Mike Matz: Why Wilderness Makes Perfect Sense
Your Wilderness - July 2012
Exciting things happened in the last month that cast a shining light on public support for, and the economic benefits of, protecting wilderness. These events reaffirmed the view that these places are important as a legacy for future generations.
On the summer solstice, Rep. Norm Dicks (D-Wash.) and Sen. Patty Murray (D-Wash.) introduced legislation to designate 126,554 acres of wilderness in the Olympic National Forest and to establish 464 miles on 19 rivers in the national forest and Olympic National Park as wild and scenic. The proposal has been years in the making and is supported by more than 100 businesses; a dozen past or present county commissioners and mayors; the vice president of Taylor Shellfish Farms; and the president and CEO of Paneltech International, who is the son and grandson of loggers.
The same week, a new report was released by the Outdoor Industry Association, a business group representing sporting goods manufacturers, that offers a reasonable explanation for this shift. Its findings are eye-popping. Outdoor industries provide 6.1 million direct jobs and $646 billion in consumer spending to the economy—the latter ranks behind only financial services and health care in contributions to the national economy. Americans spend more annually on bikes and bike trips ($81 billion) than we do on airplane tickets ($51 billion). The 6.1 million people employed directly by the outdoor industry number more than those in the oil and gas industry (2.1 million) and construction sector (5.5 million). With average salaries for the various outdoor-related jobs—retail, marketing, distribution, management—ranging from $30,000 to $150,000 annually, these positions are good-paying and highly sought after. While most sectors contracted during the economic downturn of the past few years, this one grew by 5 percent. The economic engine represented by the outdoor industry, the report concludes, depends entirely on quality places for people to fish, hunt, hike, and camp.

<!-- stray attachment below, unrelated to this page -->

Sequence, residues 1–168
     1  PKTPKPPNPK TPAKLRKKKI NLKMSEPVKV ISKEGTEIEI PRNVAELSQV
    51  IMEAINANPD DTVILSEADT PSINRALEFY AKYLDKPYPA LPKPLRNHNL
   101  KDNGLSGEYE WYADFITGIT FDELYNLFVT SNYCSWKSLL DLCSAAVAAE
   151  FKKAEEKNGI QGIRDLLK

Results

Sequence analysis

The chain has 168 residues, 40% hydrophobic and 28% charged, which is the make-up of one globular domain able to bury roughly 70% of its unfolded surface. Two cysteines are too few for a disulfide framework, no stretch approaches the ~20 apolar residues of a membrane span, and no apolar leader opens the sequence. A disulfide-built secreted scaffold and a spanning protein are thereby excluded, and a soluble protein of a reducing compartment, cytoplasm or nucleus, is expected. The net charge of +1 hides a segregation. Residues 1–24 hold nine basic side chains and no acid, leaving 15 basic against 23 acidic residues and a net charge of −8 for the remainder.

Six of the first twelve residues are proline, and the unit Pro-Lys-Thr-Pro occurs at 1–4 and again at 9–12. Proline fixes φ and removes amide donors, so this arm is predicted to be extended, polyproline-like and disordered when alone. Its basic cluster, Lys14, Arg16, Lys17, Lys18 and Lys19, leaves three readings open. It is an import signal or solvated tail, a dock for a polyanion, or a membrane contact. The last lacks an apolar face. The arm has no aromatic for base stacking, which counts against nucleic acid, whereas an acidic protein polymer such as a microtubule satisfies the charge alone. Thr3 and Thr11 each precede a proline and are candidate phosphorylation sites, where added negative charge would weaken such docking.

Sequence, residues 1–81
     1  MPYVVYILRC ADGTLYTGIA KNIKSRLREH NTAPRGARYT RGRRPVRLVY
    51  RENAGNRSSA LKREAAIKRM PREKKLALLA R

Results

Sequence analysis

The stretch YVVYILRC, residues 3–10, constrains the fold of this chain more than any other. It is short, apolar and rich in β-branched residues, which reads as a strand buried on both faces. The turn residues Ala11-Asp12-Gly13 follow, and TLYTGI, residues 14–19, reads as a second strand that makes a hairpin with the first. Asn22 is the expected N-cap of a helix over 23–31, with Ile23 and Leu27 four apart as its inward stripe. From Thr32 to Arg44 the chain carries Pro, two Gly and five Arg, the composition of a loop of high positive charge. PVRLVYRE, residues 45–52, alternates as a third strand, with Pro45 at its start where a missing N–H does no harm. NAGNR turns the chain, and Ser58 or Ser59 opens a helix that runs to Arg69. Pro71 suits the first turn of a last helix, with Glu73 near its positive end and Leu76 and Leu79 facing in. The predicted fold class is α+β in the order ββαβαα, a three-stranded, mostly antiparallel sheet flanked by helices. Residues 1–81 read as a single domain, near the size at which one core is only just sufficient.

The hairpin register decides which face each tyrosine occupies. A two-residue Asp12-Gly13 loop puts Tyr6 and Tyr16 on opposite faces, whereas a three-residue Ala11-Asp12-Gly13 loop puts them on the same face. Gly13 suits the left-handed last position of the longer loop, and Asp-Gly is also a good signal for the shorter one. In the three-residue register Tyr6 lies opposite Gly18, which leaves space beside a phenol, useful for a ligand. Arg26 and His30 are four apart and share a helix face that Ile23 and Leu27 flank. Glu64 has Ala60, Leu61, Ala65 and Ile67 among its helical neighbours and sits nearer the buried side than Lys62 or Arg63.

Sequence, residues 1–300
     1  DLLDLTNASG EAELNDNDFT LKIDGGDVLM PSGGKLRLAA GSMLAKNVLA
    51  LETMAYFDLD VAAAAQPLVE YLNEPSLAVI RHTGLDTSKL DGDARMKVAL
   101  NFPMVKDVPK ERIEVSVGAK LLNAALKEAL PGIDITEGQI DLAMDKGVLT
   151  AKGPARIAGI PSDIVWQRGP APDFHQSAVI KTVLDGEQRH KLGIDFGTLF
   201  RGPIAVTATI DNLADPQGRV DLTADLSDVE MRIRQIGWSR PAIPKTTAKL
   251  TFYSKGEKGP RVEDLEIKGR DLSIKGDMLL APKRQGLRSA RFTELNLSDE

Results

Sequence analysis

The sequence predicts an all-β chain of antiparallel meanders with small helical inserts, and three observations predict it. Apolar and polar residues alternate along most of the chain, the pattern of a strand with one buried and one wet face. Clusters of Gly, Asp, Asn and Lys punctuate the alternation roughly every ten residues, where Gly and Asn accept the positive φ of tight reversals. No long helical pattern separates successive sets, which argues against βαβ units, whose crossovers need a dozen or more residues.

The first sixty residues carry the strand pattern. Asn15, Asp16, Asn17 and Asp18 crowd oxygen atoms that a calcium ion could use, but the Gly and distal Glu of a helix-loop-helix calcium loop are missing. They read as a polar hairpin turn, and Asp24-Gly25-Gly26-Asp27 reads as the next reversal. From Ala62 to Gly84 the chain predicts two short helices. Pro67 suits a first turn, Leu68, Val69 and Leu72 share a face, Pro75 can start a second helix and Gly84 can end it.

Impressive as these polling and economic numbers are, they represent the facts and figures that appeal to the rational side. But what tugs at the emotional side is having opportunities to get out and take in America's great outdoors, sharing that time with others, and understanding our responsibility to leave behind places where our children and grandchildren can enjoy big trees, clean water, clear skies, and wild animals, whether on the Olympic Peninsula or elsewhere.
The week before the Olympics wilderness legislation was introduced, my brother and I, along with our families, were among the towering redwoods of Northern California. We strolled through Stout Grove, 44 acres of old growth, and another day hiked six miles on a trail past more of these magnificent sentinels, including the massive Boy Scout tree. My 3-year-old daughter skipped along a good portion of that trail, while my 10-year-old son and his cousins led the way past sun-dappled ferns and around banana slugs to a serene waterfall, where we lunched and gazed in wonder.
The numbers are fine validation. But the experience of walking through trees that have been around since Alexander the Great's armies expanded the Greek empire is incalculable. Knowing that those stands will be there for the future—and 94,000 acres of trees that have never been logged are part of the Olympics wilderness bill—makes a huge difference. That's what makes kids' eyes pop wide open.